AI In 2020: Industry Predictions from DataRobot General Managers

January 9, 2020
· 5 min read

It’s a new year and a new decade, so we’re tapping into the minds of some of our leading industry experts and general managers (GMs) to find out what big trends they see emerging in the coming months. Learn more about AI demand forecasting for retailers, spatial data for sports analytics, and much more.

H.P. Bunaes, Banking GM

To date, AI has been used almost exclusively within banking to improve on existing business models. But in 2020, disruptors will emerge that challenge incumbents by introducing entirely new AI-driven business models previously infeasible due to the high cost of AI development, deployment, and management. As the economics of AI are radically altered by automated machine learning, business models that just a few years ago were cost prohibitive will now be possible.

Established players in wealth management, retail banking, and small business lending will be challenged by AI-driven players who take full advantage of the new economics of automated machine learning to offer a better client experience, cost advantage, or credit where it was previously difficult to obtain.

Learn more about AI solutions for banking.

Rob Hegarty, Financial Markets GM

The financial markets industry will see AI and machine learning spread rapidly from the investment decisioning process, risk management, and customer analytics to the rest of the enterprise in 2020. As early adopters of “intelligence” technology (ex: think quantitative investing and algorithmic trading, for example), buy side and sell side firms are now seeing the democratization of data science within their firms where operations analysts, data analysts, business analysts, research analysts, and the like are harnessing the power of AI to drive greater efficiencies, smarter decisions, and revenue growth — not to mention improved risk management.

In addition, “AI for AI’s sake” disappears in 2020. The industry has moved from conducting AI experiments into the realm of providing real, measurable business value quickly, where executives and managers are demanding to know the ROI of their firm’s AI initiatives. Every segment of financial markets is insisting that AI projects drive significant ROI to the firm, delivering real cost savings and revenue growth to drive bottom line results.  The age of rapid AI ROI arrives in full force in 2020.

And finally, because the financial markets have been in the predictive model building business for decades, the age of machine learning operations (MLOps) arrives in 2020. Firms will be looking to better manage, monitor, and maintain their models once placed into production. MLOps will allow firms to productionalize their models, ensuring model decay and data drift are a thing of the past.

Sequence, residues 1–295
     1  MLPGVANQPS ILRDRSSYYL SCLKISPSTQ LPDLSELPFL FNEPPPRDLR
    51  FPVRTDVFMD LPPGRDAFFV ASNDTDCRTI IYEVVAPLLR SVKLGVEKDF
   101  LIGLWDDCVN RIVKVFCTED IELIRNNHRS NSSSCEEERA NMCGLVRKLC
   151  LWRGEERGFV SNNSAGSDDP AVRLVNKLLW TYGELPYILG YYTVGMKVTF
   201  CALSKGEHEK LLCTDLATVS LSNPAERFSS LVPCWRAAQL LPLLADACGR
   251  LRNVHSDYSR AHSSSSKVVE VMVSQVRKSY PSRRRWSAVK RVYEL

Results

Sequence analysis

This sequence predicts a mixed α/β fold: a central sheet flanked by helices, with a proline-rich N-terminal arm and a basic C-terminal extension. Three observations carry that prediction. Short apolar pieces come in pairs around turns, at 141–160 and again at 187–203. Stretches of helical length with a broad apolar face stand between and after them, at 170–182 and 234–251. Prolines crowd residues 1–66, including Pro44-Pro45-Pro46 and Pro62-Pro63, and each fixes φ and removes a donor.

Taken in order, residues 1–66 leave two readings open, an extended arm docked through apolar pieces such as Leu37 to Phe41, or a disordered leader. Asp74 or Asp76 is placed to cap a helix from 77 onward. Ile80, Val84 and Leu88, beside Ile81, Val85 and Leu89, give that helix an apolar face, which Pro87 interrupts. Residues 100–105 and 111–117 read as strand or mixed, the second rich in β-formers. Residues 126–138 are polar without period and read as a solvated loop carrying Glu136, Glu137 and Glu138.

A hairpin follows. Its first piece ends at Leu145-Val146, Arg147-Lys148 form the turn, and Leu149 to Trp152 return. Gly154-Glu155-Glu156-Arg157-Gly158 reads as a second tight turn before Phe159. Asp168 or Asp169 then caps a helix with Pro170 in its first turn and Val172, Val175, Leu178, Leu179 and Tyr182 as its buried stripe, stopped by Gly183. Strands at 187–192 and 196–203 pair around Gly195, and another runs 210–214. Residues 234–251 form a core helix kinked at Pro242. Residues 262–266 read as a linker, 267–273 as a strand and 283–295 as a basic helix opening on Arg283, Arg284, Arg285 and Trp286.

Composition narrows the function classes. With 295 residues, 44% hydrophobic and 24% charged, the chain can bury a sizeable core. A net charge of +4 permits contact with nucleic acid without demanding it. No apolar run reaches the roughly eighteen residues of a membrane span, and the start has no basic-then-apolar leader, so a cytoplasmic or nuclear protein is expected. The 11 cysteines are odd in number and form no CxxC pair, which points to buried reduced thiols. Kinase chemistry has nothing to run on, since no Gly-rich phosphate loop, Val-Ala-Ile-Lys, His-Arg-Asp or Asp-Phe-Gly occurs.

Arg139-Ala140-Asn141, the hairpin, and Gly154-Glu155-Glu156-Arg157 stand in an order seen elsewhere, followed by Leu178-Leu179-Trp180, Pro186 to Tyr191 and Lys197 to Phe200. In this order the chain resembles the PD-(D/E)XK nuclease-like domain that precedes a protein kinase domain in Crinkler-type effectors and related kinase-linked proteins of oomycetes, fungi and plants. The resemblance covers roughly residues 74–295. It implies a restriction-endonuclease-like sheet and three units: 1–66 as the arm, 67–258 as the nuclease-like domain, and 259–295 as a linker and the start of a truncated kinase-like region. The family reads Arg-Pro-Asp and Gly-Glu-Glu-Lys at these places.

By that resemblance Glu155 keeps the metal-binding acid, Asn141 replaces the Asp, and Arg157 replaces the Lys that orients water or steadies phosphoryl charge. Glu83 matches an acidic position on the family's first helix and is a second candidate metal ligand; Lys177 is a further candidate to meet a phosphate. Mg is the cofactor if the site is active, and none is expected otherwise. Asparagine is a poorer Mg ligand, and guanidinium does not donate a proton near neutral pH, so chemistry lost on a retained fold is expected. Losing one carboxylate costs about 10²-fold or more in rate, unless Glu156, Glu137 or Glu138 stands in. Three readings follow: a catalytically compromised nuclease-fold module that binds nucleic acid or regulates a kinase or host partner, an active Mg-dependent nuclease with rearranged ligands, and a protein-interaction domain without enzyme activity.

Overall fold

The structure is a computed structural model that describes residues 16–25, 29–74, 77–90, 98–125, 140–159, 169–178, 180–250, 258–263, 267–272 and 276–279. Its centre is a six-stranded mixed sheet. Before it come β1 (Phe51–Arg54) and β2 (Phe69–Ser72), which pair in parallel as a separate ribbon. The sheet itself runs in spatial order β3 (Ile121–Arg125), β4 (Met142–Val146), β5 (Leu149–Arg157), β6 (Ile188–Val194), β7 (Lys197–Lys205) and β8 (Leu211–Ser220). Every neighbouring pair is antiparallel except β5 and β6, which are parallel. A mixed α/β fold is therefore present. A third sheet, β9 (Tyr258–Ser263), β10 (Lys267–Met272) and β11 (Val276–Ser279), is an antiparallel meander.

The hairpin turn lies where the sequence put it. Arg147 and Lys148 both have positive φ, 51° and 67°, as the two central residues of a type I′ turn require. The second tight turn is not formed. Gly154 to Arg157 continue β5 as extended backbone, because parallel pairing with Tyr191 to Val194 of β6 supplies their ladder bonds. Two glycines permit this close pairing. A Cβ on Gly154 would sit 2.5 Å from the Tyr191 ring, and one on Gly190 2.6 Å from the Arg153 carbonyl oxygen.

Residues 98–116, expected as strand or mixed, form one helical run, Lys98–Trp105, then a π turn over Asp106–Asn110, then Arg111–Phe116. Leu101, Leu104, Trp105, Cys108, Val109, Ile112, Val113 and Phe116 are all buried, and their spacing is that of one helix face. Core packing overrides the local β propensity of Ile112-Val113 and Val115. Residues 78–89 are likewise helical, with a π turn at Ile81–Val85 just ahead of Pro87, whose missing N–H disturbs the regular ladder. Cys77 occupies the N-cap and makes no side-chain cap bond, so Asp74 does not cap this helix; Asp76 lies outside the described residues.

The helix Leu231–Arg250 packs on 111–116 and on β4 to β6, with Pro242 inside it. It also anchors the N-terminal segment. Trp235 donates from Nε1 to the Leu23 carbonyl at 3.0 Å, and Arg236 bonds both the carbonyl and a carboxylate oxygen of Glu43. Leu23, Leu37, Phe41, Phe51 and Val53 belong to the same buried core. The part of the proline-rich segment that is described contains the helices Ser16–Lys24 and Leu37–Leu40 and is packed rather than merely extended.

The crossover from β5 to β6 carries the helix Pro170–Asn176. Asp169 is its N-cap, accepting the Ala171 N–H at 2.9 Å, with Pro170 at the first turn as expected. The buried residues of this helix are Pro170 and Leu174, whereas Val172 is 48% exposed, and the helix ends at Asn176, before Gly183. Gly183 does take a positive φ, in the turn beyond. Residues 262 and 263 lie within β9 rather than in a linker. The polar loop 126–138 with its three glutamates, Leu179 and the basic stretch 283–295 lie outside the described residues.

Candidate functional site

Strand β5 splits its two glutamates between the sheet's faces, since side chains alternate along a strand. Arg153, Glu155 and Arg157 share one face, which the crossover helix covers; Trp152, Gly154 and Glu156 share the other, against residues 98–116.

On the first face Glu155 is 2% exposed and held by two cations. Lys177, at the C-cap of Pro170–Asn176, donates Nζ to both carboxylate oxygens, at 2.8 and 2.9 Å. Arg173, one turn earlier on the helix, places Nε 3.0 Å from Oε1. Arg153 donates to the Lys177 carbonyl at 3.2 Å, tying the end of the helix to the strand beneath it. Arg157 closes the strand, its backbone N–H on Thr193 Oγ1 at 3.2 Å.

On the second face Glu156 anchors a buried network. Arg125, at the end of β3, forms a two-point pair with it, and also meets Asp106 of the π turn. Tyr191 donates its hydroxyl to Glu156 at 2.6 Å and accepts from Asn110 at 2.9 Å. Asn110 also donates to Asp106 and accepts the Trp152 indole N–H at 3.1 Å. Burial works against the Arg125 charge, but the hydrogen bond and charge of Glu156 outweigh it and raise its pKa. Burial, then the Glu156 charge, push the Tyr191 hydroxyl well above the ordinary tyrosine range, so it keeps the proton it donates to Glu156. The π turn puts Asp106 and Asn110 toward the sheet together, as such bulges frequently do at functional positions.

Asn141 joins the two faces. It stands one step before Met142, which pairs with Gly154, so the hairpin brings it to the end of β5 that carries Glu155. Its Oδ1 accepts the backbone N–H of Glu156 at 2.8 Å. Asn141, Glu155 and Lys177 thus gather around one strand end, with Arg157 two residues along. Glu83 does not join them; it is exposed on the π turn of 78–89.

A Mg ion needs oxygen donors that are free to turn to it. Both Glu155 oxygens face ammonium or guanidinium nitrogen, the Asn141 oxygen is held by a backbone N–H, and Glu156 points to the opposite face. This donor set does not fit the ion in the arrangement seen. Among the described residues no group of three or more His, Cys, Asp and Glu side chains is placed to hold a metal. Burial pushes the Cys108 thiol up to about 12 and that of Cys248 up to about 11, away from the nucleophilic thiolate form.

Learn more about AI solutions for financial markets.

Paul Winsor, Retail GM

2020 will see the rise of the empowered consumer — a more connected and informed consumer. Retailers must understand and anticipate their evolving needs and habits in order to provide excellent customer service and win the majority of their wallet share.

AI demand forecasting will also emerge to predict the inventory required to provide stock to customers who want to purchase certain products and have them delivered on their terms. And, store locations will be repurposed due to the shrinking need for smaller households to do weekly bulk trips, threatening the long-term relevance of big-box formats to the benefit of residential small-box stores.

Learn more about AI solutions for retail


Colleen Cunningham Greene, Healthcare GM

Healthcare organizations will start integrating AI solutions deeper within the enterprise. This will force more integration with core clinical and business systems to maximize value. Having become comfortable with battle-tested use cases (readmission risk, length of stay, high-risk claimants, fraud), healthcare organizations are stretching AI to corners of their business, touching DevOps, Legal, Finance, Revenue Cycle Management, Quality, Risk Management, and HR and maturing in the way they use AI, considering comprehensive AI solutions for areas like  HEDIS measurements, Risk Adjustment, and marketing strategies.